This is part two of a series featuring the Five Essential Life Skills. My last post featured the first of the skills, Remembering Who You Really Are.
The second essential life skill of self-observation may well be the most important. It seems so obvious and so simple and yet we are extremely unskilled and unpracticed at paying attention to our own thoughts, feelings, and actions. We tend to operate on “automatic pilot,” as if we have no control. The reality is that unless we know what we are doing, we have little chance of changing it—and often the simple act of becoming aware causes us to do something differently.
When we practice self-observation—noticing what we are thinking, feeling, doing, and imagining—it allows us to become self-aware. When we are aware of what we are doing, we realize that we have choices and choices are what make us powerful.
The very act of noticing how we are feeling can allow us to release or let go of a stuck or stagnant feeling or a self-sabotaging habit. I once worked with a student who denied everything she was accused of by friends, teachers, and her parents. One day I said, “I want you to simply observe yourself and just notice that you deny what you do.” Of course, her immediate response was, “I do not.” To which I laughed and said, “Notice what you just did!” I assured her that this was not an assignment to change what she did or even judge what she did, but rather to simply notice what she did. Her task was to become conscious so that she was aware of and choosing her behavior rather than operating unconsciously. I cannot say what she did away from me but from that day on, I never heard her deny her behavior again. Just the act of awareness released her from the habit.
The more observant we are, the more we realize that there is a difference between the observed and the observer. Once when I had just gone through a break-up with a boyfriend and was lying on the couch sobbing, I heard a little voice in my head saying, “Wow, you are really crying. You haven’t cried like this since you were a little girl.” There was no judgment of my behavior, only an observation. Even in that moment of despair, I was aware that there was a part of me that was not sobbing or even feeling my pain. It was hard to keep crying and feeling sorry for myself once I knew that there was a part of me that was not buying into my drama at all.
Remember, the first essential life skill is remembering who you really are—a powerful, wise, loving, creative, connected, compassionate spirit—or inviting that aspect of yourself to become known. When you practice self-observation, you will begin to recognize that the part of you doing the observing is your true self. When you stop to observe your anger, you realize that the part of you doing the observing is not the same part that is angry. This is very important. Our true, authentic selves are not caught up in our ego dramas. Our true self stays calm and capable throughout everything that we go through. When we know this aspect of ourselves, or watch for it, we can learn to tap into that strength when we need it the most.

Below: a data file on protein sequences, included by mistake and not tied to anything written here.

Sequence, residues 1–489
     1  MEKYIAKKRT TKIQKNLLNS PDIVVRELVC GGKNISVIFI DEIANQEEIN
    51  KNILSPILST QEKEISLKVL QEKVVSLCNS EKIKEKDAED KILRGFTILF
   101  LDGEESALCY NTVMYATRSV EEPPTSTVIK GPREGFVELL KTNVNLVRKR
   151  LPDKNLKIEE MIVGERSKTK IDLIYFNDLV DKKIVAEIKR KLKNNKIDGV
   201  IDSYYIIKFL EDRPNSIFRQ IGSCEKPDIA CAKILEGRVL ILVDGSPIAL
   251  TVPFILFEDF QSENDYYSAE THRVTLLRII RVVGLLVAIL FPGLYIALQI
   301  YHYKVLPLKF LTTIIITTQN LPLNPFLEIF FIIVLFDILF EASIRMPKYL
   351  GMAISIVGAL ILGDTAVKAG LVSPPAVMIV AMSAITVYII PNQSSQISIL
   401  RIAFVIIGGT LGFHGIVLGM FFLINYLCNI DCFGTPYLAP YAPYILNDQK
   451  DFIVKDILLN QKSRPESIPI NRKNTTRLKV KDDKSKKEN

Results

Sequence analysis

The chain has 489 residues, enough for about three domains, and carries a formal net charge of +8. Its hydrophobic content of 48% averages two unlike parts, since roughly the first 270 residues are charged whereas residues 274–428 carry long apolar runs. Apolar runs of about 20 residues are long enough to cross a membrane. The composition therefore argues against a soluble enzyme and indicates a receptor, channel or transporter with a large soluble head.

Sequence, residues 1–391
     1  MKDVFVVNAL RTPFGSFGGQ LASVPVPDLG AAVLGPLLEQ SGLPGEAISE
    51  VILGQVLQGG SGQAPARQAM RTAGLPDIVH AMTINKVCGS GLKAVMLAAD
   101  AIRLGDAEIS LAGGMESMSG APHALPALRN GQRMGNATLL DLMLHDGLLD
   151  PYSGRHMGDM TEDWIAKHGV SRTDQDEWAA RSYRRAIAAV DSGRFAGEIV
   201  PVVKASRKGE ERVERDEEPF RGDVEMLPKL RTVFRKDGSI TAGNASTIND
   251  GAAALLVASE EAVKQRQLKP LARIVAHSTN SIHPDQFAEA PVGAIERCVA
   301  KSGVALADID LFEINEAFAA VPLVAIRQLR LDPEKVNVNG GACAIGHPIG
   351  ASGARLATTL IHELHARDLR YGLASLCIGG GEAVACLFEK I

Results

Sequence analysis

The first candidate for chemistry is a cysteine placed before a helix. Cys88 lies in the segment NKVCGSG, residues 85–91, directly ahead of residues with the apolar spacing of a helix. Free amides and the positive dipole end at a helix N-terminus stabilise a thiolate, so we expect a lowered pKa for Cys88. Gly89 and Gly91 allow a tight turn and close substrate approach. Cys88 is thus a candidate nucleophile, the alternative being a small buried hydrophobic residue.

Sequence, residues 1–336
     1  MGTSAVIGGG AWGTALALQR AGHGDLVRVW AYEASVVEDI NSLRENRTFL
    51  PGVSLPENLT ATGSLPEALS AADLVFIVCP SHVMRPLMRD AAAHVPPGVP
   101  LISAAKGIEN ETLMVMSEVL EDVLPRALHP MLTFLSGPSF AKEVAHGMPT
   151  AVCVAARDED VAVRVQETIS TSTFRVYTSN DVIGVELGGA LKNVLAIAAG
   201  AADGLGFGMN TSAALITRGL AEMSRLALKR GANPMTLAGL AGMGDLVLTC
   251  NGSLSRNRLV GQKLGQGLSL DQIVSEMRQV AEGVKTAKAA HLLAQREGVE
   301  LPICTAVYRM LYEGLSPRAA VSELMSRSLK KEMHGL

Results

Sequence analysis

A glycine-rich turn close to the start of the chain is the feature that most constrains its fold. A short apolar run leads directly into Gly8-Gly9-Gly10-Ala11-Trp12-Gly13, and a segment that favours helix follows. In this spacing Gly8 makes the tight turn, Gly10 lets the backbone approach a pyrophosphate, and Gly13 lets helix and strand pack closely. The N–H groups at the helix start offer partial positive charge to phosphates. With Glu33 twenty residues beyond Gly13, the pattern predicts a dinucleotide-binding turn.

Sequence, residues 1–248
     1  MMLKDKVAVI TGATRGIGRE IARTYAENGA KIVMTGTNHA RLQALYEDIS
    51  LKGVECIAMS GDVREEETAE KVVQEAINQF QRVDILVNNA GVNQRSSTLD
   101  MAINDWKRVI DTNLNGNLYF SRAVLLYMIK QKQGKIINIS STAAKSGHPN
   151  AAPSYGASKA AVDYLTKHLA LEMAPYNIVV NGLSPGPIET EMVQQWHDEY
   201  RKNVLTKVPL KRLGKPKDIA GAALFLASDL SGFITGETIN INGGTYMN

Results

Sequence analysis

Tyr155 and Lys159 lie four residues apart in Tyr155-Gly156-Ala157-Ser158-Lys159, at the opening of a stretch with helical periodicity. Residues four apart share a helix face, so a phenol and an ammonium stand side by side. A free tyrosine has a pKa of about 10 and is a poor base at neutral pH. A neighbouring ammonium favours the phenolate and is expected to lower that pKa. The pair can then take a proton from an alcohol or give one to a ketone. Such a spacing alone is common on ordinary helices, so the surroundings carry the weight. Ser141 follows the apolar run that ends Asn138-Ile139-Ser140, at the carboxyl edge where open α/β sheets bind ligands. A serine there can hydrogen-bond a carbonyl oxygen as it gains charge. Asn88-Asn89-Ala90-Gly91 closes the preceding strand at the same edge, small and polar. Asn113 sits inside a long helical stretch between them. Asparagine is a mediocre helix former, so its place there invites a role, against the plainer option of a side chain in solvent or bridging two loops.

Practicing self-observation allows us to see when we are behaving in alignment with our goals and our values, and when we are not. We notice when we are putting on a show for someone rather than aligning our behavior with the truth. We notice when we are smiling even though we are actually sad, or when we say we are fine even though we are not. We may notice we are pretending to be mad when we really aren’t, just to manipulate someone else’s behavior. Or, we may notice that we are thinking negative thoughts about ourselves, making us feel insecure. We may even notice when we are truly content, peaceful, and joyful.
When we practice self-observation we also start to see when our choices are serving us and when they are not. The labyrinth I mentioned in the first step is another excellent place to practice this skill. As you walk the labyrinth (or as you move through life), notice what you are doing. If you are impatient or are judging others, or judging yourself on the labyrinth, you probably are going to do the same thing outside of the labyrinth. Ask yourself if it is serving you. If it is, continue. If not, experiment with letting that behavior go and trying on a new one.
Letting go is the topic of the third essential skill and will be the next blog post. For now, just practice noticing without needing to do anything different. Watch your self-talk. Is it serving you? Watch the stories you make up regardless of their truth. Are they serving you? Watch your judgment of self and others. Does it make you feel better or worse? Just simply notice. Watch your actions. Are they leading in the direction you want to go?
The goal is to begin to familiarize yourself with your authentic self, and your inauthentic self. As you learn to tell the difference, you will be better able to align your choices with who you really are and what you really want to create.
Intellectual Foreplay Question: How are you feeling now?
Eve's Love Tip: As you become adept at practicing self-observation, you will begin to notice that your thoughts create your feelings. When you feel bad, or hurt, or angry or jealous, trace those feelings to what you are thinking. You will likely discover that your thoughts, even more so than reality, are what are creating the way you feel.